France has its own values embedded in its own institutions. As it develops a strong AI sector, public decision makers need to be aware of the risks associated with the French context. At this stage, I believe that what the country lacks is more research to bring them to light.

Awareness is spreading fast

Amongst all the worry, there are also good reasons to be optimistic. First, our collective awareness of these issues has risen. As noted by Meredith Whittaker and Kate Crawford in their opening remarks, three years ago, the debate around bias was niche. Today, it has become mainstream, partly thanks to researchers like Timnit Gebru who keep exposing cases where biases have had concrete consequences, such as that of facial recognition softwares struggling to recognize people of color’s gender. This case, as the one concerning Congressmen, shows how much datasets used to train AI impact the system’s accuracy.

The second gleam of optimism comes from the spread of this awareness inside communities within companies building these tools. Take Google’s Maven project, Microsoft’s contract with the Immigration and Customs Enforcement (ICE) or the use of Amazon’s Rekognition software by the US law enforcement: all sparked protests led by employees of the companies involved. This is all the more interesting as we are constantly reminded that we should worry about our algorithm-driven information infrastructures (e.g. social media that recommend content using algorithms believed to contribute to the polarization of society or the viral spread of disinformation). In the above case, the complex interaction between social media algorithms, employees and traditional media led to a greater good: employees mobilized from within their companies and managed to catch the media’s attention, eventually creating a topic of public discussion that was amplified thanks to social media algorithms. They finally succeeded in preventing their companies from carrying out their initial plans. Not only do these examples show that some employees feel engaged civically through the softwares they build and within the companies they work for, but they also remind us that new communication technologies can allow effective mobilization for laudable causes.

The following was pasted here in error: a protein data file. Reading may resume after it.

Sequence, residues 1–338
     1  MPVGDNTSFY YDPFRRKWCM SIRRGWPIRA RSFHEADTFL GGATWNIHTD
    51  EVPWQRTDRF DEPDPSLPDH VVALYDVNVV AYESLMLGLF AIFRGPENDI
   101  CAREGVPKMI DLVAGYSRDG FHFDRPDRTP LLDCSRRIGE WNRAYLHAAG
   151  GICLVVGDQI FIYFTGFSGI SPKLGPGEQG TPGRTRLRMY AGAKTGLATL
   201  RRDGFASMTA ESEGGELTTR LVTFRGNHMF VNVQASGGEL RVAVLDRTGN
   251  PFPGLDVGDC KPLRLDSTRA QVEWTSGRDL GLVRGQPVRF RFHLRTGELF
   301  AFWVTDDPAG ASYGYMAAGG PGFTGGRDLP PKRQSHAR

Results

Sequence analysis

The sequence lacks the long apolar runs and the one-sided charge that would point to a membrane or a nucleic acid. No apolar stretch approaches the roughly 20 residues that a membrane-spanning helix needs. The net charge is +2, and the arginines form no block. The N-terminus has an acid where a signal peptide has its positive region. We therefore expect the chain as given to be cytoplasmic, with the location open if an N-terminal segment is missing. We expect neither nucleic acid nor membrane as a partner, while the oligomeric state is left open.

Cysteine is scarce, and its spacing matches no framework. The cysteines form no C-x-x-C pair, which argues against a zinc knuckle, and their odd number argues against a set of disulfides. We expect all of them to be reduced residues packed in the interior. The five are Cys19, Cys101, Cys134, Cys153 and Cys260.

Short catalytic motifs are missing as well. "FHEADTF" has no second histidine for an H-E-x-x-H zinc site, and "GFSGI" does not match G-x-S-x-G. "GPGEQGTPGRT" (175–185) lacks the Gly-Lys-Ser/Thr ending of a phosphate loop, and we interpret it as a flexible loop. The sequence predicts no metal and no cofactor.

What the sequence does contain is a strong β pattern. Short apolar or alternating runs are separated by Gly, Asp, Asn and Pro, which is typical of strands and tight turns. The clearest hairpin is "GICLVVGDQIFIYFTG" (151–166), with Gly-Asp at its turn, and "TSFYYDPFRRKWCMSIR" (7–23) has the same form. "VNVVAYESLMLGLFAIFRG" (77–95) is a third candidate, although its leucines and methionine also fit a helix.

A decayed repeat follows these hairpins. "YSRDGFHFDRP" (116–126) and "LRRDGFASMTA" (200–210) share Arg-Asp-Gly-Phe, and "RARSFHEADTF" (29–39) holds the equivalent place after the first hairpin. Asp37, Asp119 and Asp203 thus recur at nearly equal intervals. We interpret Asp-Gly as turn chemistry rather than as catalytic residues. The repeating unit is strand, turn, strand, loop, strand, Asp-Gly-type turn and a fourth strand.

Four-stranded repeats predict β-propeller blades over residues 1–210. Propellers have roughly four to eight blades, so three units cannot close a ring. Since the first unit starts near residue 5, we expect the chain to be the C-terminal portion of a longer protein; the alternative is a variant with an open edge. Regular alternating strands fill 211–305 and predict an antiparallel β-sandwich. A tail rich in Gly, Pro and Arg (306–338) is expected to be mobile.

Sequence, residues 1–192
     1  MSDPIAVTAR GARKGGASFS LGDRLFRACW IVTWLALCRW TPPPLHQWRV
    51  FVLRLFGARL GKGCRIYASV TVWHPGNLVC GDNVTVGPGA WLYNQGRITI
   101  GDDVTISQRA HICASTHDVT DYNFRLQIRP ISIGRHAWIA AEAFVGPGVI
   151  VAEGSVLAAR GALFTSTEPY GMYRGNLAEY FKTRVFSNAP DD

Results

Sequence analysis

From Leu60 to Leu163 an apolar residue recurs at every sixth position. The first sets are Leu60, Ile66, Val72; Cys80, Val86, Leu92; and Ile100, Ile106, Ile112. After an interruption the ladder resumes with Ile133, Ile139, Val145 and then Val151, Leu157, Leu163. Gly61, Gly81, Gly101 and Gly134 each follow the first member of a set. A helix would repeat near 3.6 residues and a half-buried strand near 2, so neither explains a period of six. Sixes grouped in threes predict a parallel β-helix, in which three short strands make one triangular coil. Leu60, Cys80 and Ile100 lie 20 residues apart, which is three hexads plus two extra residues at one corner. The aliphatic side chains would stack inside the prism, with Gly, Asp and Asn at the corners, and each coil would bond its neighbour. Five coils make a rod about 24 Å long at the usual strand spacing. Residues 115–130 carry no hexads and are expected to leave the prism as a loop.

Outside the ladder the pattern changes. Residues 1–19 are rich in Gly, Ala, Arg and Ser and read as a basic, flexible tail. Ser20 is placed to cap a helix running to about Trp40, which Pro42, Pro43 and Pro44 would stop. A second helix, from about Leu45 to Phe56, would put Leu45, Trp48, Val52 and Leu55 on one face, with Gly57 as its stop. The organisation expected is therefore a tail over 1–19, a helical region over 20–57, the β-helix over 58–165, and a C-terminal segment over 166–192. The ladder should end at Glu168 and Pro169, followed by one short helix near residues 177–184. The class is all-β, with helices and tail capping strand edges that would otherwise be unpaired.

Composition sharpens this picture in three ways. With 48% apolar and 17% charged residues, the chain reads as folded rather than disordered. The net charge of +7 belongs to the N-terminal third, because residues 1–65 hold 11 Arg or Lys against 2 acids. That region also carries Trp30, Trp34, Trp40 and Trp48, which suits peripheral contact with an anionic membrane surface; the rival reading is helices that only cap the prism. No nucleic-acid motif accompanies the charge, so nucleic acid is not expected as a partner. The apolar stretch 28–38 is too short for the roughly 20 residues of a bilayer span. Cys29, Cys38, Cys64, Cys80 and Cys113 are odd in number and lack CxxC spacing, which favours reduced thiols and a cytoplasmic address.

Everywhere people are mobilizing to build AI systems that defend human values, and the field is transforming quickly. The question the AI Now Symposium asked is whether awareness is spreading fast enough. It is important that we keep questioning AI before the values it automates become deeply embedded in opaque systems. There is hope that we will manage to better understand the social implications of these systems before they become unchallenged. We’ll see where the conversation goes from there.